The Supreme Court, Affirmative Action, and the Little Matter of Who You Are

Yesterday’s decision in Students for Fair Admissions v. Harvard was a very big moment for the Supreme Court and for the country. It saw the majority not only end the left’s “approved” discrimination (affirmative action), but it also tore into the weak and baseless assertions of the dissent – something that is not done very often, let alone with the level of fervor with which Chief Justice John Roberts and Justice Clarence Thomas did it.

But the left is furious, and they are attacking the “Extreme MAGA Court” that handed them key wins in election law and immigration policy that Republicans were hoping to win. They have nevertheless decided, yet again, that this Court is illegitimate and must be destroyed – or expanded and stacked.

But the Court struck upon something extremely important in its decision yesterday. In the majority opinion, Roberts made it very clear:

“Separate but equal is “inherently unequal,” said Brown. “It depends,” says the dissent.

And that is at the heart of the scathing but nonsensical dissenting opinion put forward by Ketanji Brown Jackson – herself an affirmative action pick by Joe Biden. It may seem like a harsh claim, but that was literally Joe Biden’s promise. He vowed to nominate a black woman to the Court. She fit the bill, despite there being far more qualified judges on the left, and so she was chosen. Her opinion yesterday was full of emotion-based rhetoric and very little legal and constitutional argument. She cited a debunked study that claims black babies are twice as likely to survive with black doctors than white doctors.

But that study is a failure of skewed statistics and a classic case of “Correlation is not causation.”

“For high-risk black newborns, having a Black physician more than doubles the likelihood that the baby will live, and not die,” she wrote, citing a study put forward in the original case before the courts on affirmative action in universities.

The problem is that the study provided showed no such thing, and it’s a failure of not only her but the clerks who work under her that this opinion even made it out of the office. There’s a very good Twitter thread debunking the claim, but to summarize one of the key points, if a newborn is high-risk, they are sent to the NICU, which across the country are predominantly made up of white doctors. So if your baby has a black doctor, it’s more likely than not because your child is not in the NICU. Not because black doctors are twice as effective as keeping black babies alive.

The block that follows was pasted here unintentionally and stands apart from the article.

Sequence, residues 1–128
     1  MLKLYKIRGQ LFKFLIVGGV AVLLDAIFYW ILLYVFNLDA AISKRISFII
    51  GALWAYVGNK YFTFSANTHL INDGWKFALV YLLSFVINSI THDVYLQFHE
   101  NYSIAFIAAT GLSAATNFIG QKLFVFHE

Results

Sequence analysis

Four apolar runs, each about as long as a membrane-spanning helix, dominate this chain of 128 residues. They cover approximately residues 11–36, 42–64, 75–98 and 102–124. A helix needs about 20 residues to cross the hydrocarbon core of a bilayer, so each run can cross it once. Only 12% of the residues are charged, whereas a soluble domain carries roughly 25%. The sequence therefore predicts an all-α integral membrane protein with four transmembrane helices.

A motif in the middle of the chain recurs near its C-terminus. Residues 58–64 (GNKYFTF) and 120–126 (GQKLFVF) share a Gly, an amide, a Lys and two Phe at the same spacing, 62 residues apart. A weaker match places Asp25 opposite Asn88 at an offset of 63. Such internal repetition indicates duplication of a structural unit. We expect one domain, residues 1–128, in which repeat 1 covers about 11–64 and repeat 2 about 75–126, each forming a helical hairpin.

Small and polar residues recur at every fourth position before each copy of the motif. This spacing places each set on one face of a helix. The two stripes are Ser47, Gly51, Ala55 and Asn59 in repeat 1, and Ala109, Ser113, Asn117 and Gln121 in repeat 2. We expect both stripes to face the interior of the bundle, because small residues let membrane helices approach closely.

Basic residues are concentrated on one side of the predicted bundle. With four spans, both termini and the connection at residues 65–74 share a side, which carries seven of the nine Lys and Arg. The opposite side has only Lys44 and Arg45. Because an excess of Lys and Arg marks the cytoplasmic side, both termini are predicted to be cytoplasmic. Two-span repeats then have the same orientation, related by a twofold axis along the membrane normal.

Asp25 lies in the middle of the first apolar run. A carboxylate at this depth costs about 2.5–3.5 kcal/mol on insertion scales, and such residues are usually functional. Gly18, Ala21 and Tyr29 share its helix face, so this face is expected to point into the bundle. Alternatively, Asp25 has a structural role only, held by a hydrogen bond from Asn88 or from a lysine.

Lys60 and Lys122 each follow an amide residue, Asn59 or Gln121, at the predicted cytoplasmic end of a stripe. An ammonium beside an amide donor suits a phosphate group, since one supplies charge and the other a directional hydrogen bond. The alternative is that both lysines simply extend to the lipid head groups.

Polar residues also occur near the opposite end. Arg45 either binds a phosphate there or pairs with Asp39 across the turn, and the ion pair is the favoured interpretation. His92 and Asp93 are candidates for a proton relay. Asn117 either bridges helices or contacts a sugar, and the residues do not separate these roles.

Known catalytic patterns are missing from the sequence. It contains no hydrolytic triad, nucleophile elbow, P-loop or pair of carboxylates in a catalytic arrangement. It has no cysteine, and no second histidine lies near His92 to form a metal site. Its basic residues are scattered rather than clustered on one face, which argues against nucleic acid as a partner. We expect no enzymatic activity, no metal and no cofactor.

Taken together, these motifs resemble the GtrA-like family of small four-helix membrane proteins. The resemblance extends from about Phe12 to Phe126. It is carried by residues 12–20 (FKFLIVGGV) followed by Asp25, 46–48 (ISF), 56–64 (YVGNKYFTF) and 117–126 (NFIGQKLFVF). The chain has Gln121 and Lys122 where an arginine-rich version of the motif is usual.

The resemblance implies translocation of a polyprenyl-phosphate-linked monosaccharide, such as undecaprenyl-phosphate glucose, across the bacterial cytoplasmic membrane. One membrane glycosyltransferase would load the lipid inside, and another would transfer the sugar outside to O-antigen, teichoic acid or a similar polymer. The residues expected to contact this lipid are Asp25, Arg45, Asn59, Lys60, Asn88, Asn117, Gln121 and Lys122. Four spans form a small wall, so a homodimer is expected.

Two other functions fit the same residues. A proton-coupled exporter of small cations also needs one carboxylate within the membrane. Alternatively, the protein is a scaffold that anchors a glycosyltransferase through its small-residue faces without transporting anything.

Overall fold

But the greater problem with Justice Jackson’s dissent is that it so dismissively categorizes all people into tidy little stereotypes – many of the same stereotypes progressives have for years called conservatives racist for pointing out.

A sociologist named C. Wright Mills once wrote, essentially, that your “sociological imagination” – who you are as a person – is determined by the intersection of history and biography. Your life story and where it intersects with history make up who are. For the vast majority of people, race is an important aspect of that, and you cannot deny that, even in this modern day and age. But, to the left, in cases like affirmative action at Ivy universities and elsewhere, that should be the only aspect by which you are judged. Nothing else matters. That’s why some of the data coming out about Harvard’s and UNC’s admissions is so shocking – black students in the 40th or 50th percentile were accepted over Asian American students in the top percentile.

And so, as Students for Fair Admissions v. Harvard showed – and that the left has not at any point denied – it was Asian-American students who were discriminated against. I have actually seen the talking points out there that white people have gaslit Asian Americans into thinking they’ve been discriminated against when no one is denying they were. The left is just okay with discrimination against a minority group if the minority group has beat the “stigma” of minority status, something Asian Americans have done through hard work, an incredibly strong family dynamic, and a strong emphasis on scholarship.

And so, part of the story of who many of these students are has been their race and how it was used against them, all in an effort to allow another group to have an advantage. So, to combat discrimination, these colleges must utilize discrimination.

How in the world does that make sense? It shouldn’t. But that is the logic the left has adopted. We must perpetuate discrimination in order to combat discrimination. And the victims of this are the students who have done nothing wrong other than bust their tails to get into a good college. Their story was determined not by their work but by the racist policies of others… Sound familiar?

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